I wish I could say that I’m almost done with my Hong Kong posts, but I’m not. I just happened to have gotten the easier ones out of the way first.
I put this one off for quite a while because I’ve been pacing back and forth restlessly, mulling over how best to present to you the cheapest 1-Michelin starred restaurant on the face of the planet. Should I wax lyrical? Burst into colourful prose? Throw around a several handfuls of hyperboles?
So I sat back down, and sighed, and decided I’ll do the usual boring thing of letting pictures speak for themselves. I know, how very original of you Christine.
You see, at other places there are queues, and then at Tim Ho Wan there are queues.
Now if I had been ill-prepared, thinking I could skip into a Michelin-starred restaurant without reservation and without even going early, then I very much deserved to squat in the line.
But we were early. We knew there would be a wait, and that the queues were legendary, so we got up at the crack of dawn, and found ourselves at the back of a queue anyway – at 9.15am, 45 minutes before the shop even opened at 10. No reservations allowed.
They have another outlet, but rumour has it that this original outlet is still the best.
The rest of the 45 minutes was spent lolling around in the summer heat, and as luck would have it, when it opened, every single person in front of us fit into the tiny shop, except for us. Only 20 people in at a go. Can you imagine that?! We passed the next half an hour slobbering with our faces plastered to the glass windows watching everyone else eat. It was excruciating. The lady staff outside passed us a slip of the menu in English, in what I think was pity, and we calmed down enough to order.
You can leave to walk around once you have taken your queue number, but if you’re not around when they call for you, your table goes to the next number. No way we were risking that.
It’s dim sum, so it’s nothing foreign. There are rather less common items of course, but if you look closely, you’ll noticed we placed an order for 2 of the Baked Bun with BBQ Pork. I had a feeling I wouldn’t share. You might want to up that to 3 orders of the baked buns. Take my advice.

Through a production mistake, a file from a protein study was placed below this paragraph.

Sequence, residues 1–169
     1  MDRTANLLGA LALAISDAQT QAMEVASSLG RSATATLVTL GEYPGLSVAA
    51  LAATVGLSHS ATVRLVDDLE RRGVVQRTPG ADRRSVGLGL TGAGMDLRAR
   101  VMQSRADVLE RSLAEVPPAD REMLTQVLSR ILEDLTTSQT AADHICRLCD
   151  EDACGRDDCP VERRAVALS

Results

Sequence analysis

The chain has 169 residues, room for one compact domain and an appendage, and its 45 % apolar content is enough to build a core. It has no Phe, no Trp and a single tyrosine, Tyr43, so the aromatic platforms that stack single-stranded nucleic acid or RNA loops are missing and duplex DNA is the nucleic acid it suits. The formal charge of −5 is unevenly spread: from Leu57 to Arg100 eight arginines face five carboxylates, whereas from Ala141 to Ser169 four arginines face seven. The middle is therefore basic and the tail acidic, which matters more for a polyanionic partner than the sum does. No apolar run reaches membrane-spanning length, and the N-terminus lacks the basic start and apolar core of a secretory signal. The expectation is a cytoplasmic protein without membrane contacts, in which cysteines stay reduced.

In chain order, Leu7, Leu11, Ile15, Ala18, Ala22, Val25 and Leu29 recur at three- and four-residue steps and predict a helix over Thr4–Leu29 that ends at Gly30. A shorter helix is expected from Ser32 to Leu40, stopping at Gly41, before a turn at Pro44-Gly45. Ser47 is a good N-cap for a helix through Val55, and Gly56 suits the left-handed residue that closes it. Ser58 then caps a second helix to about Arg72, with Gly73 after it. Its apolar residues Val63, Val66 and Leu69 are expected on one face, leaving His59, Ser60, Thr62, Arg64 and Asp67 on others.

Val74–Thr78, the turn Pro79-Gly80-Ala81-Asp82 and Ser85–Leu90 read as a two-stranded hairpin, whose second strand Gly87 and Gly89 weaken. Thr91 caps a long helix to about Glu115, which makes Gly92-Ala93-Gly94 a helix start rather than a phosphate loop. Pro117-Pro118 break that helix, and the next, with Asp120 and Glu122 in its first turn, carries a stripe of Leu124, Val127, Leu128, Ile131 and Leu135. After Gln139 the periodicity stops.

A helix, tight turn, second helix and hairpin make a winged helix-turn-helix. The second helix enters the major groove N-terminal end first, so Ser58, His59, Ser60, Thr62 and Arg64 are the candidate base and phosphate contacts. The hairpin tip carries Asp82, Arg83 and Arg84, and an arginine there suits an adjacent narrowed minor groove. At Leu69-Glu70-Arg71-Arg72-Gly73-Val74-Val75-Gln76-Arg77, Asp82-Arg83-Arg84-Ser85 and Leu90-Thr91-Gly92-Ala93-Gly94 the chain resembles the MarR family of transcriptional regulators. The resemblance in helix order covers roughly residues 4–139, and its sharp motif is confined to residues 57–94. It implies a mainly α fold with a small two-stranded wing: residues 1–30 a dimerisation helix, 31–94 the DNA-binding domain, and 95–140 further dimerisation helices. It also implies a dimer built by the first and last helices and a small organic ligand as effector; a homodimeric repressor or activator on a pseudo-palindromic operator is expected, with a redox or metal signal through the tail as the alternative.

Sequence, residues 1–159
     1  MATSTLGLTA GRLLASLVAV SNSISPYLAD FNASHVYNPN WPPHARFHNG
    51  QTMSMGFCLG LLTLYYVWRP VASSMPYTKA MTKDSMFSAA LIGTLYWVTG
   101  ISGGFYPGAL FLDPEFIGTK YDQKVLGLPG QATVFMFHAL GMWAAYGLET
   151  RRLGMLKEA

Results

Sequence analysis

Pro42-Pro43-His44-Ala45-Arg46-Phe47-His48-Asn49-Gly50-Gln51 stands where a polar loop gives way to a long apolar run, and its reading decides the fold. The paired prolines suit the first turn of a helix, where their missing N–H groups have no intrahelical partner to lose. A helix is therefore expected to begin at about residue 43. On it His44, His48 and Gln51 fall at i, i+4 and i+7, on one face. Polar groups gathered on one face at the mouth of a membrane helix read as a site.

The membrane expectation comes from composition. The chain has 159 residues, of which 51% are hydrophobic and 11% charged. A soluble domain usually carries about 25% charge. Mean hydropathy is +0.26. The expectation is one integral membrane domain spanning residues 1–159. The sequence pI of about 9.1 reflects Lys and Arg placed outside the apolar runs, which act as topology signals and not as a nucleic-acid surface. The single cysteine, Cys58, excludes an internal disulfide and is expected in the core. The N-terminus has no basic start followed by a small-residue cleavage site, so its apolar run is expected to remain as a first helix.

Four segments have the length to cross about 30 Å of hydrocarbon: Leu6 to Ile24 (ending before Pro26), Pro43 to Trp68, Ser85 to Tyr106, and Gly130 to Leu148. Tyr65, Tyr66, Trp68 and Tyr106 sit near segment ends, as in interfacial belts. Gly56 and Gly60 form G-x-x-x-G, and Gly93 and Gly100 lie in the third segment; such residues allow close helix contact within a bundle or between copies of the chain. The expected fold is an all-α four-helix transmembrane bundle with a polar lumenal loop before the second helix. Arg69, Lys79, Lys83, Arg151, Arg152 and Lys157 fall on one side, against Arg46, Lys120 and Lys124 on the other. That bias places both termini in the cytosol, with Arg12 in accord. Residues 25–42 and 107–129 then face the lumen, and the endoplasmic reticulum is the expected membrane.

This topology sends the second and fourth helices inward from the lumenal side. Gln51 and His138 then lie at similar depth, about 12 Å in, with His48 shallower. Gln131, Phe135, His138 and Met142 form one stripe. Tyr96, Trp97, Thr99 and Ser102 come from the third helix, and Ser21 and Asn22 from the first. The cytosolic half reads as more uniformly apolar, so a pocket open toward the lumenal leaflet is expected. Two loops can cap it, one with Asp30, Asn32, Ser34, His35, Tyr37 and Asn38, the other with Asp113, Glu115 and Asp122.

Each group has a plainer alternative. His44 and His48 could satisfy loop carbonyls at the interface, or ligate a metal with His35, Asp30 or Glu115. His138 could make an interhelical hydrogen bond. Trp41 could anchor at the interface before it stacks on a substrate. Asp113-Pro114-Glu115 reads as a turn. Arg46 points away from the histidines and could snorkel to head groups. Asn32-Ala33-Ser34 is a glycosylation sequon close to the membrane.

So after another half hour, we got ushered in, had to squeeze ourselves in between cramped tables of diners, and into the table right at the back of the restaurant next to the kitchen. The place is so tiny, if I had stopped to turn around to gawk at the food on the other tables, I would have knocked someone’s har gao over to another table. Sitting beside the kitchen, we got to see some rolling action from one of the chefs prepping an astonishingly thin cheong fun (rice roll) very deftly.
This is, perhaps, a symbol of Tim Ho Wan, a signature dish with a halo around it. Each order of the Baked Bun with BBQ Pork comes with three buns, and that may or may not be enough for you. Alone. No sharing.
Think of it as a po lo bao (polo bun – a popular Cantonese confectionery), with a crisp, sweet crumbly exterior, that yields to pillowy insides and a treasure trove of glistening char siew. These are so light, they’re barely filling, and so delicious I practically inhaled all three before I knew it. About 750 of these are sold each day. Stuff of the baking gods I swear.